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HIV voluntary counseling and testing practices among military personnel and civilian residents in a military cantonment in southeastern Nigeria

DOI: http://dx.doi.org/10.2147/HIV.S23774

Keywords: VCT uptake, HIV test, most-at-risk population (MARP), people living with HIV/AIDS (PLWHAs)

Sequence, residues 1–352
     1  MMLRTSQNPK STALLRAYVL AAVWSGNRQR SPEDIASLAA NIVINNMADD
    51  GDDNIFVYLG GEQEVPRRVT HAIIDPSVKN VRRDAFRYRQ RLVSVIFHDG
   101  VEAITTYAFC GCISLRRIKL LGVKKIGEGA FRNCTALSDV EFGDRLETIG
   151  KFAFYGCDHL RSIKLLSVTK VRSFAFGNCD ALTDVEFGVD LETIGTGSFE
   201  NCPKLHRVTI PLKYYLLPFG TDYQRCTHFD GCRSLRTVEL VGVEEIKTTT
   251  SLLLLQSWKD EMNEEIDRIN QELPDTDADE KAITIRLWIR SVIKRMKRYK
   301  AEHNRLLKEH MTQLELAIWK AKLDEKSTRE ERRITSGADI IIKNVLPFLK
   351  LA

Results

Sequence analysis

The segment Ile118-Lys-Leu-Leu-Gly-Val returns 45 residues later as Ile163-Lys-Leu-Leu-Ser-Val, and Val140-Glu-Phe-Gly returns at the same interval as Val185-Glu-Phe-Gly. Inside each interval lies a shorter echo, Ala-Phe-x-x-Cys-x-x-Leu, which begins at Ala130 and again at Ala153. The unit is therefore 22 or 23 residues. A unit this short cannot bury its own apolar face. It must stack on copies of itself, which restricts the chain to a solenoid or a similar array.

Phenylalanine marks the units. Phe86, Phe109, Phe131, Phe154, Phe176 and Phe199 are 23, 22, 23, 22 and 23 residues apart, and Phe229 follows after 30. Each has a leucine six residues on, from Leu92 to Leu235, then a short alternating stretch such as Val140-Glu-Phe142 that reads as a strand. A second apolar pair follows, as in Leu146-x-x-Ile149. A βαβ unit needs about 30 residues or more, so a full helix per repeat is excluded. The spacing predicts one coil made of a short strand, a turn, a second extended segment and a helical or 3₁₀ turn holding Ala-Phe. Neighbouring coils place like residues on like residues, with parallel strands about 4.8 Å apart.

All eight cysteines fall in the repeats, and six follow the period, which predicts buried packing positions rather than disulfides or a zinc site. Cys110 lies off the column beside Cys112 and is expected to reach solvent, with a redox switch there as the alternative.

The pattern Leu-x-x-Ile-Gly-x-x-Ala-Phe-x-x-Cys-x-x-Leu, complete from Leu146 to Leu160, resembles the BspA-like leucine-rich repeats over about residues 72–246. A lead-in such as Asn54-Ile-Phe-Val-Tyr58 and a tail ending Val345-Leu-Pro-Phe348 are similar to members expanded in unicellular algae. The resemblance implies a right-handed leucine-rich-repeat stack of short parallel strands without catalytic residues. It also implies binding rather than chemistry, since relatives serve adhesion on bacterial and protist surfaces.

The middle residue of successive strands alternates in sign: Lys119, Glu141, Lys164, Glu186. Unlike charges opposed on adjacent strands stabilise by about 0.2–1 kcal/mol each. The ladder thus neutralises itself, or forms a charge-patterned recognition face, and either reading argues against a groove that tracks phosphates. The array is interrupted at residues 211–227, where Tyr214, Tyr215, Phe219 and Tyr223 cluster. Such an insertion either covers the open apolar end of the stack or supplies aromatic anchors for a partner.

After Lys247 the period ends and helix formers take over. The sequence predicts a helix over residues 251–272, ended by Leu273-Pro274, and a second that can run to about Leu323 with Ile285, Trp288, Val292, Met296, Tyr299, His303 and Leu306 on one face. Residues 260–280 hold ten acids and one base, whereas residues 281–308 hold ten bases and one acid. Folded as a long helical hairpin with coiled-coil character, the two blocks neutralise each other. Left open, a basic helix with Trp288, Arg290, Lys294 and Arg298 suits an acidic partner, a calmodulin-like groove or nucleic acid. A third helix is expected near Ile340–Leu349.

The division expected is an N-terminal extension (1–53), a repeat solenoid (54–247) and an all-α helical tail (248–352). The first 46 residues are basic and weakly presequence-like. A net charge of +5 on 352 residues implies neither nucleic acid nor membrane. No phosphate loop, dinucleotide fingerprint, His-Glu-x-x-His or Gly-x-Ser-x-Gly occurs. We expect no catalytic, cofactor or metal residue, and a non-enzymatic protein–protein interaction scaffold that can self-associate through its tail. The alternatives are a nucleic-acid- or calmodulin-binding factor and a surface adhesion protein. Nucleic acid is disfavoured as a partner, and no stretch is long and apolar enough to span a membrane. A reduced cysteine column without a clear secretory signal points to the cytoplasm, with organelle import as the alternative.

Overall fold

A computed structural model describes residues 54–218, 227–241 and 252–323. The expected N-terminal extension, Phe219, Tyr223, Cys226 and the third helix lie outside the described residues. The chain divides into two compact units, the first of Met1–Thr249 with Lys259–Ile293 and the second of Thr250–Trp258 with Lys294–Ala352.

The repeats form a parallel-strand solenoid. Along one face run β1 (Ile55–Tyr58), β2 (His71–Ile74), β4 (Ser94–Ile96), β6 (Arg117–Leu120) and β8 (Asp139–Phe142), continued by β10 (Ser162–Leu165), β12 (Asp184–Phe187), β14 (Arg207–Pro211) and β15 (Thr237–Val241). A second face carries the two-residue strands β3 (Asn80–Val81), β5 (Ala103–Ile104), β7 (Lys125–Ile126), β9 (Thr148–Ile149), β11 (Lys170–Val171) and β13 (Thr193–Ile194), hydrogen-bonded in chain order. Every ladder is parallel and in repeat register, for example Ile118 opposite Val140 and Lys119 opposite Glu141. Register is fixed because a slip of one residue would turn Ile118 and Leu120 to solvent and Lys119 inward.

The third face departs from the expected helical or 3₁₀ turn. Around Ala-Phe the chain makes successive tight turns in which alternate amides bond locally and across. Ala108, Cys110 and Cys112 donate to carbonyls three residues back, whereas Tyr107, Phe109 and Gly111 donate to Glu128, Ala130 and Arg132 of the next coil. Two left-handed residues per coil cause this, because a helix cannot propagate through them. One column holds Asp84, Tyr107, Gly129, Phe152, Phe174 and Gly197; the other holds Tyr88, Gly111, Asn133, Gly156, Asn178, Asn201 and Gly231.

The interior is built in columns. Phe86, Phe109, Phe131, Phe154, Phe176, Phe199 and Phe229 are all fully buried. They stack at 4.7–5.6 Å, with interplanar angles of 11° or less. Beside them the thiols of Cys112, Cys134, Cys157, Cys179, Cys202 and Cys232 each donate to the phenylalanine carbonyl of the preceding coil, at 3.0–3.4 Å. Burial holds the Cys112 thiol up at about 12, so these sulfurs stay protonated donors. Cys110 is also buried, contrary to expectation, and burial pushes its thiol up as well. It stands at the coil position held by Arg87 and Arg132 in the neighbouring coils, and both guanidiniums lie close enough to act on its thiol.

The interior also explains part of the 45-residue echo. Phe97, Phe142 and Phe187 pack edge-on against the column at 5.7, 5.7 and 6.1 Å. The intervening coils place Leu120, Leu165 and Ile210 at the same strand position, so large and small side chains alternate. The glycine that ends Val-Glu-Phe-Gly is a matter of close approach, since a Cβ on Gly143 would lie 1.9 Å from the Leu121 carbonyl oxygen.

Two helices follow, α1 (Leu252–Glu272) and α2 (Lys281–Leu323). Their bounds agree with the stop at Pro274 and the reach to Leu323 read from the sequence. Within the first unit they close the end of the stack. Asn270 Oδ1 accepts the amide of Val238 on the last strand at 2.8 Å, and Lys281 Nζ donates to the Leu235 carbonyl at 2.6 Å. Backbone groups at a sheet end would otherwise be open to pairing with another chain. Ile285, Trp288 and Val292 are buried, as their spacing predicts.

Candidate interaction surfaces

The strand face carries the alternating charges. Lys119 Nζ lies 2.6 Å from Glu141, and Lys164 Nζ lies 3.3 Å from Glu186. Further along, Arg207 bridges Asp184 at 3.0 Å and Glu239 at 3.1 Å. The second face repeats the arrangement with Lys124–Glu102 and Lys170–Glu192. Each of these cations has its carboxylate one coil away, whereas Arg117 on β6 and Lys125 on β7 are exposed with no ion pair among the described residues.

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luntary counseling and testing practices among military personnel and civilian residents in a military cantonment in southeastern Nigeria Original Research (3216) Total Article Views Authors: Azuogu BN, Ogbonnaya LU, Alo CN Published Date October 2011 Volume 2011:3 Pages 107 - 116 DOI: http://dx.doi.org/10.2147/HIV.S23774 BN Azuogu, LU Ogbonnaya, CN Alo Communicable Diseases Control Research Centre, Department of Community Medicine, Ebonyi State University Teaching Hospital, Abakaliki, Nigeria Background: Voluntary counseling and testing (VCT) services are expected to lower rates of HIV transmission through a reduction in high-risk sexual behavior and through improved access to medical treatment, care, and support. However, increasing access to and uptake of VCT, especially among groups at high risk for HIV infection, has remained a major challenge in Africa. Purpose: The study was undertaken to determine the uptake of VCT (measured by whether study participants had ever received an HIV test) and the factors influencing this practice among military and civilian residents of a military cantonment in Abakaliki, southeastern Nigeria. Methods: A cross-sectional descriptive survey of all cantonment residents aged between 20 and 64 years was conducted. A multistage sampling technique was used to establish the sample size; data were collected from 350 military and civilian cantonment residents using a pretested questionnaire. Data were analyzed using SPSS software (v 16.0; SPSS Inc, Chicago, IL) and the significance of any association was tested at P < 0.05 using the chi-square statistic. Results: One hundred and forty-five (41.4%) respondents reported having ever been tested for HIV; however, only 44 (12.6%) respondents had received the test between 4 and 12 months prior to the survey period. Some of the significant factors that positively influenced uptake of VCT were awareness of VCT (P < 0.001), education level (P < 0.006), and knowledge of antiretroviral therapy benefits (P < 0.01). Conclusion: The uptake of VCT by the residents of the cantonment was low. The establishment of VCT services in the cantonment is urgently recommended, together with the targeting of high-risk population groups in HIV/AIDS and VCT information dissemination efforts.

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